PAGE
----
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maintain

[meyn-teyn] /meɪnˈteɪn/
verb (used with object)
1.
to keep in existence or continuance; preserve; retain:
to maintain good relations with neighboring countries.
2.
to keep in an appropriate condition, operation, or force; keep unimpaired:
to maintain order; to maintain public highways.
3.
to keep in a specified state, position, etc.:
to maintain a correct posture; to maintain good health.
4.
to affirm; assert; declare:
He maintained that the country was going downhill.
5.
to support in speech or argument, as a statement or proposition.
6.
to keep or hold against attack:
to maintain one's ground.
7.
to provide for the upkeep or support of; carry the expenses of:
to maintain a family.
8.
to sustain or support:
not enough water to maintain life.
Origin
1200-1250
1200-50; Middle English mainteinen < Old French maintenirMedieval Latin manūtenēre, Latin manū tenēre literally, to hold in hand, equivalent to manū, ablative of manus hand (see manual) + tenēre to hold (see tenet)
Related forms
maintainable, adjective
maintainability, noun
maintainer, noun
premaintain, verb (used with object)
self-maintained, adjective
self-maintaining, adjective
undermaintain, verb (used with object)
undermaintained, adjective
unmaintainable, adjective
unmaintained, adjective
well-maintained, adjective
Synonyms
1. continue. 1, 2. keep up. 4. asseverate. Maintain, assert, aver, allege, hold, state all mean to express an opinion, judgment, or position. Maintain carries the implications of both firmness and persistence in declaring or supporting a conviction: She maintained her client's innocence even in the face of damaging evidence. Assert suggests assurance, confidence, and sometimes aggressiveness in the effort to persuade others to agree with or accept one's position: He asserted again and again the government's right to control the waterway. Aver, like assert, implies confident declaration and sometimes suggests a firmly positive or peremptory tone; in legal use aver means “to allege as fact”: to aver that the evidence is incontrovertible. Allege indicates a statement without evidence to support it, and thus can imply doubt as to the validity or accuracy of an assertion: The official is alleged to have been unaware of the crime. Hold means simply to have or express a conviction or belief: We hold these truths to be self-evident; She held that her rights had been violated. State usually suggests a declaration that is forthright and unambiguous: He stated his reasons in clear, simple language. 5. uphold, defend, vindicate, justify. 7. See support.
Antonyms
1. discontinue. 5. contradict.
Dictionary.com Unabridged
Based on the Random House Dictionary, © Random House, Inc. 2014.
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Examples from the web for maintaining
  • Many are fairly light and small, good choices for maintaining a medium to large lawn.
  • And the happier your dog, the better your chance of maintaining a garden you'll both enjoy.
  • The expense of moving, storing and maintaining them made the machines increasingly unpopular with budget-squeezing officials.
  • Yes, and maintaining the populations that exist in the wild.
  • If those currently responsible for maintaining it cannot work together they must be relieved of this responsibility.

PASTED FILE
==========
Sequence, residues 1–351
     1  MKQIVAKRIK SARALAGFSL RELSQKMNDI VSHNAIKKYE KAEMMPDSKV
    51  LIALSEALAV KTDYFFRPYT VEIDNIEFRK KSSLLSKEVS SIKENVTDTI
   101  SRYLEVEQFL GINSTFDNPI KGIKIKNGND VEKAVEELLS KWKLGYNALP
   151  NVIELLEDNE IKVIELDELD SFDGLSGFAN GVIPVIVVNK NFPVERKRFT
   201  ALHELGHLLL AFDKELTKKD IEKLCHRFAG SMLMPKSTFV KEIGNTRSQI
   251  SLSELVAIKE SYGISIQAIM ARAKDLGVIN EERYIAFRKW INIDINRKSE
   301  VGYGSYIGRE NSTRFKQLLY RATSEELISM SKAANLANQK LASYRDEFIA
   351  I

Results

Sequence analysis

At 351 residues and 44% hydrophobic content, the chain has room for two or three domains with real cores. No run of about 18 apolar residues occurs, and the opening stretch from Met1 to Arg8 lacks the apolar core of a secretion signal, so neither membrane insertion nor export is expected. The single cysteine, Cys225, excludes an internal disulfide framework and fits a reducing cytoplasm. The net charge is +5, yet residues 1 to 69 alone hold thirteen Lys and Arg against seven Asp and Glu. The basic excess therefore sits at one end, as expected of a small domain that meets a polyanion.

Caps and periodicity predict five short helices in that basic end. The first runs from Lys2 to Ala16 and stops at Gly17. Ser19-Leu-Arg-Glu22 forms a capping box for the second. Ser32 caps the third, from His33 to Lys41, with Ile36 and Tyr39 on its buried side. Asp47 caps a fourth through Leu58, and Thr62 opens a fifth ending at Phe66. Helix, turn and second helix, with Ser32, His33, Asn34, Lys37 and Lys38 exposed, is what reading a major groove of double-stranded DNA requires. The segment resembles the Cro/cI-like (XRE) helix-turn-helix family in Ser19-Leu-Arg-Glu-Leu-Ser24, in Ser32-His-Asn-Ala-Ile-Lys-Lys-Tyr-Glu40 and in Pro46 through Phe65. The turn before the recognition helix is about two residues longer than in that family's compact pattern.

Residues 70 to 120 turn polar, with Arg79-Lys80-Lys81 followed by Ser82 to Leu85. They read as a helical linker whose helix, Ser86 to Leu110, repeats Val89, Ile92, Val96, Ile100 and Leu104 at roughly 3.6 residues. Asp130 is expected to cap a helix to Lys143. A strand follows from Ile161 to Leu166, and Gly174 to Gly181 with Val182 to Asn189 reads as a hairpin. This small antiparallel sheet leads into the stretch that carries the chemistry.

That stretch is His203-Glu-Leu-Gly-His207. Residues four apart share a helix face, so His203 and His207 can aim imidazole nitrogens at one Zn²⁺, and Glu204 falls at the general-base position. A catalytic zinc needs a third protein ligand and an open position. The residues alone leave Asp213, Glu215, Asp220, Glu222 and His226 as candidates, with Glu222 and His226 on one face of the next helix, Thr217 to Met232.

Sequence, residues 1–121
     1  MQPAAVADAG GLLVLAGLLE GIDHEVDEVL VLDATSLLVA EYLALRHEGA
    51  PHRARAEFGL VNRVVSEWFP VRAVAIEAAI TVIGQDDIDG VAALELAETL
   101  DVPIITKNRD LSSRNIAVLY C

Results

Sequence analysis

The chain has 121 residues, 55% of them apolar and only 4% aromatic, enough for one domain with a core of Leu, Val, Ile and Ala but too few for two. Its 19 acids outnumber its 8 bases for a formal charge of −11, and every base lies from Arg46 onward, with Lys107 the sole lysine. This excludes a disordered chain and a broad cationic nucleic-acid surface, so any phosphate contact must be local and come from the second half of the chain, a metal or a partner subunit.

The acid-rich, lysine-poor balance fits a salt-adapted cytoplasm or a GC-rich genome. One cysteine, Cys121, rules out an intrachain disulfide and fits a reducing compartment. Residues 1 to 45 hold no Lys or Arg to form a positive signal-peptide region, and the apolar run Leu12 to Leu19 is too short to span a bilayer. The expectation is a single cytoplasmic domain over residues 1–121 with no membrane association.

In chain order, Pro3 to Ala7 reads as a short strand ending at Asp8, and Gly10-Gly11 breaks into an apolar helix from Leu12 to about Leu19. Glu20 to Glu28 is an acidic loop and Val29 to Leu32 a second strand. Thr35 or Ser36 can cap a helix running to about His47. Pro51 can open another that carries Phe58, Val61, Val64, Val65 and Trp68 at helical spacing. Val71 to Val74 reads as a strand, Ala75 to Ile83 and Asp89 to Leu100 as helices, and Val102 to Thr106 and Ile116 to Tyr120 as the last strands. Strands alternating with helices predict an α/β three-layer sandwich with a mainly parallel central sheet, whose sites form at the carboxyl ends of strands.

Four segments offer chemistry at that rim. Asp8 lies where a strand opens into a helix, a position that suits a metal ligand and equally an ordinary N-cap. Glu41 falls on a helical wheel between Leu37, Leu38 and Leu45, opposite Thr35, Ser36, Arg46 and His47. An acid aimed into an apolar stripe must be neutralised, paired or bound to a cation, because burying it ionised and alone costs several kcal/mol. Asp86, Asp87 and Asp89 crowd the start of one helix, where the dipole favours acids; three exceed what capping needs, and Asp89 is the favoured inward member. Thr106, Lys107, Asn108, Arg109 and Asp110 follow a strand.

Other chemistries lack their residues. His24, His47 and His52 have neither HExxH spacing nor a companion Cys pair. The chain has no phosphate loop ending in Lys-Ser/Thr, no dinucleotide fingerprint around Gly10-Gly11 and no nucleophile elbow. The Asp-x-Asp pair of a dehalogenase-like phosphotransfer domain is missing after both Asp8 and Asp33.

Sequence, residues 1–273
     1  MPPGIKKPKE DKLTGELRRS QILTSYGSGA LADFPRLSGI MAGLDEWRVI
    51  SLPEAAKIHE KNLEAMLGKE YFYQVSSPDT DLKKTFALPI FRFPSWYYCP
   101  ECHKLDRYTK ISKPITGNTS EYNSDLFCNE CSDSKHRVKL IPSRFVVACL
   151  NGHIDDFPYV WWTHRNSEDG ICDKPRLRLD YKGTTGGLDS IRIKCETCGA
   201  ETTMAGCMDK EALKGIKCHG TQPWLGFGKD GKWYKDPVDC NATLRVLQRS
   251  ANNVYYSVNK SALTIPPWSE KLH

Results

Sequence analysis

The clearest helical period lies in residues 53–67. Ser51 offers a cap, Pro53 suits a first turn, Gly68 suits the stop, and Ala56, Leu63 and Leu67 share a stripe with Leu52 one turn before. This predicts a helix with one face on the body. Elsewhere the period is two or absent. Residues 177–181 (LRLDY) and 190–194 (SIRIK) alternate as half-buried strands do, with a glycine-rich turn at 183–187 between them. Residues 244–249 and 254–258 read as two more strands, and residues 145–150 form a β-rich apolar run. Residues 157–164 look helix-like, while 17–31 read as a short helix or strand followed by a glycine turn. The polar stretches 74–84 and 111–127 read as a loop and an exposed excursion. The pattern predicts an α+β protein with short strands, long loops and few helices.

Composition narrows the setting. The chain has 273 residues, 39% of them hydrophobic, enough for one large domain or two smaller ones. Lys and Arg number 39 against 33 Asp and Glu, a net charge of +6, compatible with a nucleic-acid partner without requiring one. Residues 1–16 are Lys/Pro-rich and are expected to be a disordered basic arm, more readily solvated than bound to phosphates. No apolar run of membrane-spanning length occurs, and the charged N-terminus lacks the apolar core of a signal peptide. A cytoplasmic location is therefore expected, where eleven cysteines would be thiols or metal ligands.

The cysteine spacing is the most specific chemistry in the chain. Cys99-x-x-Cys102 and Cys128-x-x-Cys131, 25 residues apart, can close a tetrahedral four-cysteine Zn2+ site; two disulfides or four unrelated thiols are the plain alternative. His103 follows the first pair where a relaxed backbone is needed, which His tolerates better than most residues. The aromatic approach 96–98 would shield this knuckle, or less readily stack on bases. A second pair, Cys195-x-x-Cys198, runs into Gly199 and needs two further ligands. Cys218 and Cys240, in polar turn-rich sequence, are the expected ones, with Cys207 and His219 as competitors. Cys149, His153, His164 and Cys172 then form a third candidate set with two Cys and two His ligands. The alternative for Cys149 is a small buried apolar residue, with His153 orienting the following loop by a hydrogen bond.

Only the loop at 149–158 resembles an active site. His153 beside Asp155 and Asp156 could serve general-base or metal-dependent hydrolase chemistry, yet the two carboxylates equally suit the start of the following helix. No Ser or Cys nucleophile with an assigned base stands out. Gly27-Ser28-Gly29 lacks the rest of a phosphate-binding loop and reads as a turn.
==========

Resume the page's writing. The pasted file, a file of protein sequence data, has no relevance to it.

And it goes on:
• Making and maintaining them was also incredibly labor intensive.
  • He who is fond of maintaining an action will soon be without the means of maintaining himself.
  • But there is no country in which the whole annual produce is employed in maintaining the industrious.
  • From mines too is drawn what is necessary for maintaining and augmenting that part of it which consists in money.
  • And you can also draw portals, which objects can enter and exit to move immediately about the board, maintaining their velocity.
British Dictionary definitions for maintaining

maintain

/meɪnˈteɪn/
verb (transitive)
1.
to continue or retain; keep in existence
2.
to keep in proper or good condition: to maintain a building
3.
to support a style of living: the money maintained us for a month
4.
(takes a clause as object) to state or assert: he maintained that Talbot was wrong
5.
to defend against contradiction; uphold: she maintained her innocence
6.
to defend against physical attack
Derived Forms
maintainable, adjective
maintainer, noun
Word Origin
C13: from Old French maintenir, ultimately from Latin manū tenēre to hold in the hand
Collins English Dictionary - Complete & Unabridged 2012 Digital Edition
© William Collins Sons & Co. Ltd. 1979, 1986 © HarperCollins
Publishers 1998, 2000, 2003, 2005, 2006, 2007, 2009, 2012
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Word Origin and History for maintaining

maintain

v.

mid-13c., "to practice habitually," from Anglo-French meintenir (Old French maintenir, 12c.) "keep (a wife), sustain; persevere in, practice continually," from Latin manu tenere "hold in the hand," from manu, ablative of manus "hand" (see manual) + tenere "to hold" (see tenet). Meaning "to carry on, keep up" is from mid-14c.; that of "to keep oneself, to support" is from late 14c. Sense of "to defend in speech" is from mid-14c. Related: Maintained; maintaining; maintains.

Online Etymology Dictionary, © 2010 Douglas Harper
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Slang definitions & phrases for maintaining

machisma

noun

The female counterpart of machismo: Machisma, Women, and Daring (1970s+)


The Dictionary of American Slang, Fourth Edition by Barbara Ann Kipfer, PhD. and Robert L. Chapman, Ph.D.
Copyright (C) 2007 by HarperCollins Publishers.
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